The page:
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FAQ Multics General

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archive-name: multics/general
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Q) What is the purpose of this group?
A) This group is for the discussion of the Multics operating system.
   Discussion sometimes strays onto topics of interest to Multicians, e.g.
      - Honeywell hardware architecture
      - CTSS, DTSS and other ancestors
      - Honeywell management mistakes and if-onlys
      - PRIMOS, GCOS Timesharing, UNIX, and other cousins and descendants  
   For discussions of the history of other operating systems, try 
   alt.folklore.computers or the groups dedicated to these systems.

   alt.os.multics is a public unmoderated newsgroup with an estimated 
   readership of thousands.  If you have a comment of limited interest, 
   please use e-mail instead.
Q) How can I view alt.os.multics via the web?
A) Go to and click Groups,
   then enter alt.os.multics and return.  You may wish to sort by date.
Q) What other sources are available on-line to find out more
about Multics? 
A1) There is a large set of Multics Web pages available at
   including hypertext versions of the FAQ files, the 250K
   Multics Glossary, papers, stories, and pictures of
   Multicians and 6180s. There are 208 HTML pages
   comprising over 1,000,000 lines and 353 graphic images.
   Paul Green mirrors this information at Stratus at

A2) There is a closed Yahoo Groups mailing list for Multicians.
    It currently has 120 members.
    Apply at
A3) Al Kossow has a large collection of scanned Multics manuals 
   online at

A4) The LinkedIn group "multicians" has been set up for Multicians 
   who use the LinkedIn social networking site.
   It currently has 184 members.
   To join it, send mail to the editor.

A5) There is a "fan page" for Multics on Facebook, open to
   any Facebook user.
   It currently has 91 fans.

0.      FAQ documents posted monthly in alt.os.multics 
0.1.      Multics General (this Document) (THVV) 
0.2.      List Of Multicians (in 3 parts) (THVV) 
0.3.      Multics Chronology (THVV) 
0.4.      List Of Multics Sites (THVV) 
0.5.      Multics Bibliography (THVV) 
0.6.      Multics History (THVV)
0.7.      Multics Features (THVV)

1.      What was Multics?
1.1.      Summary
1.2.      Goals
1.3.      Notable features
1.3.1.      Segmented memory
1.3.2.      Virtual memory
1.3.3.      High-level language implementation
1.3.4.      Shared memory multiprocessor
1.3.5.      Multi-language support
1.3.6.      Relational database
1.3.7.      Security
1.3.8.      On-line reconfiguration
1.3.9.      Software Engineering
1.4.      Influence on other systems
1.4.1.      UNIX
1.4.2.      GCOS 6
1.4.3.      Primos
1.4.4.      VOS
1.4.5.      Apollo Domain
1.4.6.      NTT DIPS
1.4.7.      Amber
1.4.8.      GEMSOS
1.4.9.      Other systems using rings
1.4.10.     IBM Systems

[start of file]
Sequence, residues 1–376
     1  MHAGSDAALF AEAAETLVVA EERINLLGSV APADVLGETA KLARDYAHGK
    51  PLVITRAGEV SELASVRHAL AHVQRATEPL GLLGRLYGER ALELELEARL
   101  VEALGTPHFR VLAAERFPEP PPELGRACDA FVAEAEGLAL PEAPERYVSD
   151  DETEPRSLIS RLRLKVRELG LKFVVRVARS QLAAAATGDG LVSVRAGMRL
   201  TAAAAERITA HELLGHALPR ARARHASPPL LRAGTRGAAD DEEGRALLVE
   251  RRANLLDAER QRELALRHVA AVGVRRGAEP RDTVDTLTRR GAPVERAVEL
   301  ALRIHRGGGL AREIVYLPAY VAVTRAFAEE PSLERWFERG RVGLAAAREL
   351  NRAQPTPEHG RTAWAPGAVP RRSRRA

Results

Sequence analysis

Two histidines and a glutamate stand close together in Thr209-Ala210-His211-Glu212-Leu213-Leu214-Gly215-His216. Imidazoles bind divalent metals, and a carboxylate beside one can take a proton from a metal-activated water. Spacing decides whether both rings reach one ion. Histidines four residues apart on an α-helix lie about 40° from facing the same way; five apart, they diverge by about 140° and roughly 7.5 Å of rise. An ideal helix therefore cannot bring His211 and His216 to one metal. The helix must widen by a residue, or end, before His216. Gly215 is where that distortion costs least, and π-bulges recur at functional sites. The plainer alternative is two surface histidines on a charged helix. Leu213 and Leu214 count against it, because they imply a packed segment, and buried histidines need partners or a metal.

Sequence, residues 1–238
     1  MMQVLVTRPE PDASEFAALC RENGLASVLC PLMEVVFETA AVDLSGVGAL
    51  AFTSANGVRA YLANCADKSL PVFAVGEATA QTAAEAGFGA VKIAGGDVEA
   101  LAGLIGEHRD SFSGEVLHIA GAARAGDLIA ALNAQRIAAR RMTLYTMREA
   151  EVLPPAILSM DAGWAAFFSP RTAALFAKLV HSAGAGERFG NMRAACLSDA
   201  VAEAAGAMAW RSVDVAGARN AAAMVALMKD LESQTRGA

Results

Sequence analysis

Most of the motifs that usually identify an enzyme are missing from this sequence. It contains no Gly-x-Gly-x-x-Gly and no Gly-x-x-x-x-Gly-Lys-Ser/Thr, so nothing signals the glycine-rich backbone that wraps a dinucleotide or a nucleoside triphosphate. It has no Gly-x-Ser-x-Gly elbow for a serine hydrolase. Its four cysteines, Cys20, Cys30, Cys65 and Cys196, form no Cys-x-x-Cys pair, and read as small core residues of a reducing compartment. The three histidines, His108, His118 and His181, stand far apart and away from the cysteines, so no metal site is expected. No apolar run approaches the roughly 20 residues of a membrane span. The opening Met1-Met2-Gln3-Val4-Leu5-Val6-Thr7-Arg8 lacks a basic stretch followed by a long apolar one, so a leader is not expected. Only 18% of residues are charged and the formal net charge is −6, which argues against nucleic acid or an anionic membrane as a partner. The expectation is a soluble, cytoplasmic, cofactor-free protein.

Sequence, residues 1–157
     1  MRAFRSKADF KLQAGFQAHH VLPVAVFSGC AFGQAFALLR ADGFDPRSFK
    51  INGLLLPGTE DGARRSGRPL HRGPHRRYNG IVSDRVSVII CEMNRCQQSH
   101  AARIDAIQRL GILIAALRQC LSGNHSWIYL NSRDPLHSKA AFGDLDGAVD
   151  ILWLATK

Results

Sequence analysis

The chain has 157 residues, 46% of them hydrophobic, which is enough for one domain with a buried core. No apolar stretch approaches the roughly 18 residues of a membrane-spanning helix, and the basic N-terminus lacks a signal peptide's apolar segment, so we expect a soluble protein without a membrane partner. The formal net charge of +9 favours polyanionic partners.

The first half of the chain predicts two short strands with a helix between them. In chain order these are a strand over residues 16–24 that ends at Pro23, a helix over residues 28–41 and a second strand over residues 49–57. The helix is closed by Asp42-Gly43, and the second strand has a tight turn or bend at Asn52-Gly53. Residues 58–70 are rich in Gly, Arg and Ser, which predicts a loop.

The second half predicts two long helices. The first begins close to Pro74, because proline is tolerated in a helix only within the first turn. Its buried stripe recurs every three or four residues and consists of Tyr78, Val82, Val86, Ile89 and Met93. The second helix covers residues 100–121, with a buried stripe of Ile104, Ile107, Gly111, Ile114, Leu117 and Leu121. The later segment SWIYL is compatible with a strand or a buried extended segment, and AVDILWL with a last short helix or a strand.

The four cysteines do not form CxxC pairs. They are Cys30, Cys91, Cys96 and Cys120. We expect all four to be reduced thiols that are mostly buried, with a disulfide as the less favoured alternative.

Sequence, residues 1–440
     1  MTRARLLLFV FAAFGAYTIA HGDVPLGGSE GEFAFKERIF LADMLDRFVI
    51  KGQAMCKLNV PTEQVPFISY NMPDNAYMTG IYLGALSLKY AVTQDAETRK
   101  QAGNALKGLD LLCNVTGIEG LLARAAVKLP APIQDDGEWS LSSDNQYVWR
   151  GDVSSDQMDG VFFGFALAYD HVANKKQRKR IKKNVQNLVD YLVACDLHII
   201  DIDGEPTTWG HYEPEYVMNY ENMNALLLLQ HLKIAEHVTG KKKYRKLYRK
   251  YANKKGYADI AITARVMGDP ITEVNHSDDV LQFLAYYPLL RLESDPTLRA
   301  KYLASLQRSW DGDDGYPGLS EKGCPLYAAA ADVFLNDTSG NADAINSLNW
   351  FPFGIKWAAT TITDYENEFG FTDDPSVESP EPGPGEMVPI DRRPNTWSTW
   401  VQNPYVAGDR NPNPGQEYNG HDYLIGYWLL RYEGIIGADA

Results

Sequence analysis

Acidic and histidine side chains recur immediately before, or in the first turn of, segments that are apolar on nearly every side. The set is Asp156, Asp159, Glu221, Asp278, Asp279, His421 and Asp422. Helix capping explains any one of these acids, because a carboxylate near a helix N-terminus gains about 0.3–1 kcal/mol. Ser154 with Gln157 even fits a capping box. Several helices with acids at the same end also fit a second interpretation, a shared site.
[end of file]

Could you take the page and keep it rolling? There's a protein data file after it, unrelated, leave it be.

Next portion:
1.4.11.     TENEX and TOPS-20
1.4.12.     Michigan Terminal System
1.4.13.     Control Data NOS/VE
1.4.14.     Honeywell GCOS7 (nee GCOS64) and NEC Acos4
1.4.15.     HITAC 5020

2.      Multics today
2.1.      Where can I get a Multics account today?
2.2.      I'd like to see some Multics source. How?
2.3.      Could Multics be ported to a modern micro?

1. What Is Multics?

1.1. Summary

Multics (Multiplexed Information and Computing Service) is a timesharing
  operating system begun in 1965 and used until 2000. The system was
  started as a joint project by MIT's Project MAC, Bell Telephone
  Laboratories, and General Electric Company's Large Computer Products
  Division. Prof. Fernando J. Corbato of MIT led the project. Bell Labs
  withdrew from the development effort in 1969, and in 1970 GE sold its
  computer business to Honeywell, which offered Multics as a commercial
  product and sold a few dozen systems.

Multics was introduced in a series of papers at the 1965 Fall Joint
  Computer Conference:
* "Introduction and Overview of the Multics System," F. J. Corbato and V.
  A. Vyssotsky

* "System Design of a Computer for Time-Sharing Applications," E. L.
  Glaser, J. F. Couleur, and G. A. Oliver

* "Structure of the Multics Supervisor," V. A. Vyssotsky, F. J. Corbato,
  and R. M. Graham

* "A General Purpose File System for Secondary Storage," R. C. Daley and
  P. G. Neumann

* "Communications and Input/Output Switching in a Multiplex Computing
  System." J. F. Ossanna, L. Mikus, and S. D. Dunten

* "Some Thoughts About the Social Implications of Accessible Computing,"
  E. E. David, Jr. and R. M. Fano

Many books and papers describe aspects of the system. The influence of
  Multics on Unix is described in chapter 3 of A Quarter Century of UNIX,
  for example.

Multics ran on specialized expensive CPU hardware that provided a
  segmented, paged, ring-structured virtual memory. The system is a
  symmetric multiprocessor with shared physical and virtual memory.
  Standard Honeywell mainframe peripherals and memory were used. The
  operating system was programmed in PL/I.

Elliott Organick's book, The Multics System, an Examination of its
  Structure, describes the system as it was in about 1968. MIT started
  providing timesharing service on Multics to users in fall of 1969. GE
  sold the next system to the US Air Force, and the military use of